Saturday, July 12, 2014

Douglas MacArthur Assures That World War II Ends on An Honorable, Solemn Note

What a complex, contradictory, egotistical, stubborn, paradoxical, courageous, brave, great 20th century military strategist and leader Douglas MacArthur was.  I finished a great book, “The Most Dangerous Man in America - The Making of Douglas MacArthur.”  I learned much about WWII and leadership.  I learned much about his complicated relationship with President Roosevelt, who considered he and Huey Long the two most dangerous men in America, and how competitive relationships among military leaders can sometimes achieve great, high-level results.   
 
I have a friend who values great, historic speeches and addresses.  He carries them in his briefcase.  The MacArthur speech I will end this blog with is short, but the setting is dramatic and the words are wise, honorable and visionary. 
 
General Douglas MacArthur arrived, with his entourage, in Yokohama, Japan after word of the Japanese surrender.  There was no assurance his arrival would not be met with gunfire.  No surrender documents had been signed.  He and his staff piled in a Japanese-organized motorcade for the twenty-mile trip into downtown Yokohama.  MacArthur’s staff insisted he be accompanied by armed guards and vehicles.  MacArthur waived it off.  He wanted the Japanese to know that he was coming as their friend. Winston Churchill would later call this decision one of the bravest acts of World War II. 
 
It took MacArthur two hours to travel through the rubble of Yokohama.  On both sides of the road, Japanese soldiers and citizens turned their backs to him……a sign of respect accorded only to the emperor.  As MacArthur assumed his position in his suite at The New Grand Hotel in Yokohama, five hundred troops of the 11th Airborne fanned out around the hotel for protection. 
 
On the morning of Sunday, September 2, MacArthur drove from The New Grand Hotel to Yokohama Naval Base, where he was put aboard a launch for the USS Missouri which lay anchored in Tokyo Bay.  He had spent the previous day mapping out the surrender ceremonies, including a diagram designating where each of his fellow commanders would stand.  A short time after his arrival, a delegation of eleven Japanese officials, all dressed in formal attire, with top hats, arrived, led by the Foreign Minister Shigemitusu.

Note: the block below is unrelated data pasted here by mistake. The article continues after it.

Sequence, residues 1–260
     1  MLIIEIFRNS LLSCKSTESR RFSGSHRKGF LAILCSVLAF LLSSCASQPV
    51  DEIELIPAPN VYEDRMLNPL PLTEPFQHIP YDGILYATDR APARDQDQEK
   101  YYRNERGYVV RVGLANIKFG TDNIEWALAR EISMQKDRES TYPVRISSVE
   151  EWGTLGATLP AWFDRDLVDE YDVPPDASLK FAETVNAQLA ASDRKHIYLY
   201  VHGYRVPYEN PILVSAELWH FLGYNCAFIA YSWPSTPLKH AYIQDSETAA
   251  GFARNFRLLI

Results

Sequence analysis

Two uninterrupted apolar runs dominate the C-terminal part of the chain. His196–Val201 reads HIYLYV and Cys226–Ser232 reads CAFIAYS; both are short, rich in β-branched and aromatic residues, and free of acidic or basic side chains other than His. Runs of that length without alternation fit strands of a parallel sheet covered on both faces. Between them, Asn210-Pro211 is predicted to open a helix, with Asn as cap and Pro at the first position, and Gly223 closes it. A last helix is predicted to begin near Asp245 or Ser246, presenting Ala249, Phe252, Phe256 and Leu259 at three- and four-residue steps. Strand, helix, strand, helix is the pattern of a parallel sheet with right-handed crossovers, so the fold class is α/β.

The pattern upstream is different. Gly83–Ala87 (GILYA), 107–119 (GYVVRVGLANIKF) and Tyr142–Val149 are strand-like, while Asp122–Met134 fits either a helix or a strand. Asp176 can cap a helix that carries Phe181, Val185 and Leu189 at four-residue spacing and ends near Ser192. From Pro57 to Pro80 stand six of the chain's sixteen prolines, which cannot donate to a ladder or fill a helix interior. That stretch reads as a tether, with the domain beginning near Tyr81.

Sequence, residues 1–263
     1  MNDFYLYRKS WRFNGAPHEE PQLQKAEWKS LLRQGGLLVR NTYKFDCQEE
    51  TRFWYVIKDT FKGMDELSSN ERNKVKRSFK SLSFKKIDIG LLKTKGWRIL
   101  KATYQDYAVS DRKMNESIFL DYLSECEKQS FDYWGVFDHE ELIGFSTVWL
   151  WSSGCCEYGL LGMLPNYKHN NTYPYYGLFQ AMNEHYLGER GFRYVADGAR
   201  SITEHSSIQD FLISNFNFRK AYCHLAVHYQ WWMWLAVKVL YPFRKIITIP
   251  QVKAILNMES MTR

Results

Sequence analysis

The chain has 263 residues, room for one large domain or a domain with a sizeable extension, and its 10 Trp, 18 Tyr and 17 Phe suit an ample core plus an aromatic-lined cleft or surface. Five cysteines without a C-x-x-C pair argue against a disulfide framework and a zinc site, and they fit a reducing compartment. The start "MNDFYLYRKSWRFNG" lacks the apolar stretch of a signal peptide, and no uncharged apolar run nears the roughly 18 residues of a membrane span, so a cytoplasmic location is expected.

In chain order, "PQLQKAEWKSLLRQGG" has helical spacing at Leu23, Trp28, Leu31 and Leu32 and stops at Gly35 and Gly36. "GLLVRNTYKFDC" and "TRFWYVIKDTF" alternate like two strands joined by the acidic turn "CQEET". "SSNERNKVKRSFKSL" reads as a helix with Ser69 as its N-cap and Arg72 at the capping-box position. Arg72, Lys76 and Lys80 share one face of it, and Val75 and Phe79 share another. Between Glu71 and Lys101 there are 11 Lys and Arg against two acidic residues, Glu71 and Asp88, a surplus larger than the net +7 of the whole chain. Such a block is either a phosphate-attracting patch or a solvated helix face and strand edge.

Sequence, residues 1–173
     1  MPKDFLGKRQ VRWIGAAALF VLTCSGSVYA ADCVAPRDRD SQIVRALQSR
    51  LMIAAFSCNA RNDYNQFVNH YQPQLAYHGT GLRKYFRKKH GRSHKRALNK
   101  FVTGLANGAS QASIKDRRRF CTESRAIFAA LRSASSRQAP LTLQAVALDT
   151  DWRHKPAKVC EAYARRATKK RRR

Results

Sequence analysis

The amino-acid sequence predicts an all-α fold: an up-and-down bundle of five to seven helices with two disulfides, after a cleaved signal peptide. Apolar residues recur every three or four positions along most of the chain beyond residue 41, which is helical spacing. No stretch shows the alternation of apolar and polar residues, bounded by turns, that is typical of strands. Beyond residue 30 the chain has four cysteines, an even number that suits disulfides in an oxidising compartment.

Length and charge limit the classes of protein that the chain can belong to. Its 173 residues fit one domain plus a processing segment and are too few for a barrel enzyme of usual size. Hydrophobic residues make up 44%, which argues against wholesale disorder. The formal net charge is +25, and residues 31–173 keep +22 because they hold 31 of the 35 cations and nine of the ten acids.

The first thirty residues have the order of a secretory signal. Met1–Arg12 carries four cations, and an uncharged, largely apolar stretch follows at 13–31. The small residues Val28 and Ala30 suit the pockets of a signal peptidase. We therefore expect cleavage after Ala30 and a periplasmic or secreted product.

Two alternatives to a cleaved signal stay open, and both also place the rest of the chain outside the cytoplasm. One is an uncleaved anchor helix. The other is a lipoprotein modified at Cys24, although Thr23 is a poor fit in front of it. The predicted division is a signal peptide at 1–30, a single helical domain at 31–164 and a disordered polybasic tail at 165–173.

There was no cheering; the sailors of the Missouri, including 1st Shipmate Ervin A. Godfrey, a very proud uncle of mine from North Carolina, watched in silent awe.  As MacArthur stepped to the microphone, he began:  
 
“We are gathered here, representatives of the major warring powers, to conclude a solemn agreement whereby peace may be restored.  The issues, involving divergent ideals and ideologies, have been determined on the battlefields of the world and hence are not for our discussion or debate.” 
 
The Japanese watched him closely, with one of them later noting that his hands trembled, if only slightly.  MacArthur, his voice steady, went on:
 
“It is my earnest hope and indeed the hope of all mankind, that from this solemn occasion a better world shall emerge out of the blood and carnage of the past…..a world founded upon faith and understanding…….a world dedicated to the dignity of man and the fulfilment of his most cherished wish…….for freedom, tolerance and justice.” 
 
MacArthur had written the words himself, without help from his staff, and without reviewing them with anyone.  He wanted to set a calm tone with simple sentences shorn of triumph.  It was, without question, biographer Mark Perry believes, Douglas MacArthur's finest speech and his finest moment.  After the signing of the surrender documents, MacArthur returned to the microphone:  
 
“Let us pray that peace be now restored to the world and that God will preserve it always.  These proceedings are now closed.” 
 
And with those words, World War Two ended.

(Source: Mark Perry’s, “The Most Dangerous Man In America - The Making of Douglas MacArthur.”)  

Sunday, June 1, 2014

PRESIDENT KENNEDY AND CIGARS

I ENJOY A GOOD CIGAR.

HERE, PRESIDENT KENNEDY LIGHTS UP CIGAR - WITH HIS CLOSE FRIEND SENATOR GEORGE SMATHERS OF FLORIDA - IN THEIR BACHELOR DAYS JFK AND SMATHERS SHARED A TOWNHOUSE IN UPSCALE GEORGETOWN (WASHINGTON D.C.).

IF YOU DO NOT KNOW THE STORY, AS TOLD BY PIERRE SALINGER, OF JFK 'S CUBAN EMBARGO DELAY DUE TO HIS LOVE OF CIGARS, CLICK HERE FOR A GREAT VIDEO AND STORY.